By Marcus Leach

A criminal gang who set up a factory potentially capable of making up to 625 million counterfeit cigarettes and five million pouches of fake hand rolling tobacco a year were jailed on Tuesday.

The plot, worth over £131 million per annum in lost revenue, was foiled when HM Revenue & Customs criminal investigators swooped and closed down the fully equipped cigarette factory in Chesterfield, Derbyshire, before it went into production. During the raid in September 2009 they discovered that the gang were also planning to expand into making counterfeit alcohol.

In two co-ordinated searches at the gang’s other industrial units in Blidworth, Nottinghamshire, and a barn at Top Farm, Laxton, Newark, Nottinghamshire, the investigators also seized:

Cigarette manufacturing equipment destined for another criminal gang, capable of producing a potential 750 million cigarettes a year with an annual revenue loss of over £141 million, from Blidworth, and
A five tonne tobacco cutting machine to process the tobacco to make counterfeit hand rolling tobacco and cigarettes, from Laxton.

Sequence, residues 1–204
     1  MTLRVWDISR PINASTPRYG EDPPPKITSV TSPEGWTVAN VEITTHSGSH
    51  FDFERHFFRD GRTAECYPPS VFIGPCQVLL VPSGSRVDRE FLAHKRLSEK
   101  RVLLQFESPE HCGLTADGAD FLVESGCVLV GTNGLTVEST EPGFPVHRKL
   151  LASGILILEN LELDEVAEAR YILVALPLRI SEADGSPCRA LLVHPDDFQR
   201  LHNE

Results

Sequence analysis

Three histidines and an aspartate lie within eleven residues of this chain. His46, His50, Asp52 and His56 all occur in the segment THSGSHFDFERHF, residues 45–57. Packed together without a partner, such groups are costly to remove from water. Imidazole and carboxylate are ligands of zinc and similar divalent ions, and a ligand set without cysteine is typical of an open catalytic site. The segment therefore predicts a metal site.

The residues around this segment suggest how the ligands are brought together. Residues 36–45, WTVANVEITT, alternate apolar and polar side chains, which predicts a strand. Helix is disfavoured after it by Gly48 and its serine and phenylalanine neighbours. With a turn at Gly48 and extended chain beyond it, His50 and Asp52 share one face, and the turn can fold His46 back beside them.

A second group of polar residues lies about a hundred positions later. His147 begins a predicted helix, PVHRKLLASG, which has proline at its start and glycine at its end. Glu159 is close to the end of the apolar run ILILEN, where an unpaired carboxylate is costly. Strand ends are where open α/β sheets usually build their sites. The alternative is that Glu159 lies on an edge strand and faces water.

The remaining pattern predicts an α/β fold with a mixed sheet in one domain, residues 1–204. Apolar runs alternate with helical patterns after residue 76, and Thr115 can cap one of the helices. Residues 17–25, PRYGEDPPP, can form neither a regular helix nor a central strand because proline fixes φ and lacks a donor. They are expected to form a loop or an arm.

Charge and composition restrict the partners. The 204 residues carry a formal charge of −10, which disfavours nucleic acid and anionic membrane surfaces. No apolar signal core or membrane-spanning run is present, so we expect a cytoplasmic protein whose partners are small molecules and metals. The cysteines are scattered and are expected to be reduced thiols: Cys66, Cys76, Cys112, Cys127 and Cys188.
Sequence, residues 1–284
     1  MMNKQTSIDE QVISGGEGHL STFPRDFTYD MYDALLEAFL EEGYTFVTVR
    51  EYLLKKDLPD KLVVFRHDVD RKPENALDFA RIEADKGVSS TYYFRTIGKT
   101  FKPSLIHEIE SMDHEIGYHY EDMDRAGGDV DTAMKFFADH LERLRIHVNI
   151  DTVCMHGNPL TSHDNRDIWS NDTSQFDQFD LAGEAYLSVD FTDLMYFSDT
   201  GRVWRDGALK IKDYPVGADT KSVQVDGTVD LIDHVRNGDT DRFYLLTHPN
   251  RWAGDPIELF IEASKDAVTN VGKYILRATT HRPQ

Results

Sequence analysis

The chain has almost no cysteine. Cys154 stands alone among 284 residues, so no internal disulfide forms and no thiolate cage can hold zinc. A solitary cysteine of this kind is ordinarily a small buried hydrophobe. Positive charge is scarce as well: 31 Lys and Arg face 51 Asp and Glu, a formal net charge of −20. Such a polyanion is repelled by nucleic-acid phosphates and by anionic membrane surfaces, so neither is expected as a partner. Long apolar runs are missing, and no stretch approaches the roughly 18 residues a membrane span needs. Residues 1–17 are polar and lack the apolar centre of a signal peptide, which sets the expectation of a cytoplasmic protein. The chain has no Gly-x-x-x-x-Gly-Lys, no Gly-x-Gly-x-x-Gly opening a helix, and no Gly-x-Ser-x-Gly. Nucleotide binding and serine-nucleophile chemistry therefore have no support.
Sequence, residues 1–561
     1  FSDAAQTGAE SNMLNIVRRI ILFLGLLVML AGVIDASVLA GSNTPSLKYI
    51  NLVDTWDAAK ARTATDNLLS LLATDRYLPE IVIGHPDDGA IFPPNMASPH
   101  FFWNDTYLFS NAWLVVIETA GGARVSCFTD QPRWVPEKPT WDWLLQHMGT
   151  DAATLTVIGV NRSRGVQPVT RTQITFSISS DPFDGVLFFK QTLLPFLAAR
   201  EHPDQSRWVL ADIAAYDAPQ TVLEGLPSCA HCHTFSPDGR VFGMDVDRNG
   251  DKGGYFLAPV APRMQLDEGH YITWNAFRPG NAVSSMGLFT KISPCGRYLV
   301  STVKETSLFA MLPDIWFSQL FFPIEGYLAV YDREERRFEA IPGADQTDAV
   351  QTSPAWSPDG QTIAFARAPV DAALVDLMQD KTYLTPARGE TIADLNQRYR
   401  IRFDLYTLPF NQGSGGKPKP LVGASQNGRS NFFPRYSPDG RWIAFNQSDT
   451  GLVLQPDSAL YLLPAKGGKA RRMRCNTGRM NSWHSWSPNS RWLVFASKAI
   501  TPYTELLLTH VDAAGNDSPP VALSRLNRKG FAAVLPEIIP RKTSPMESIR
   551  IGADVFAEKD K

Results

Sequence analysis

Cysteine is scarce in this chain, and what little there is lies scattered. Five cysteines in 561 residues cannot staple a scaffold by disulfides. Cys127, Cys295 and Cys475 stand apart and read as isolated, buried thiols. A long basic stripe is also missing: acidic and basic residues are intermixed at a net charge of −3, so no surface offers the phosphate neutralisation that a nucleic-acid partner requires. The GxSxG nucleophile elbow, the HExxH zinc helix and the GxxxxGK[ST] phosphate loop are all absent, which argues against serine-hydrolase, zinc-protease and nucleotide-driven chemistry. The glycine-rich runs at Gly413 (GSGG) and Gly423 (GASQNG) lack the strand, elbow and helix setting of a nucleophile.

“This was organised crime on an industrial scale," Gary Lampon, Assistant Director of Criminal Investigation for HMRC, said.

"The gang planned to launch a UK production facility, manufacturing counterfeit tobacco goods by the million. We had previously seized 1.25 million illegal cigarettes from them, so in the belief that they could make a bigger profit, they decided to make their own.

"This was all about lining their own pockets and they had no regard to the potential harm such criminal activity causes to individuals, communities and legitimate businesses.”

His Honour Judge Jonathon Teare said “the potential loss of revenue was substantial; the project was grand with a series of plans set to evade duty and make millions”. On sentencing Robinson, he said, “your expectations were high and if you had succeeded you would be a millionaire by now and the public purse very much depleted”.

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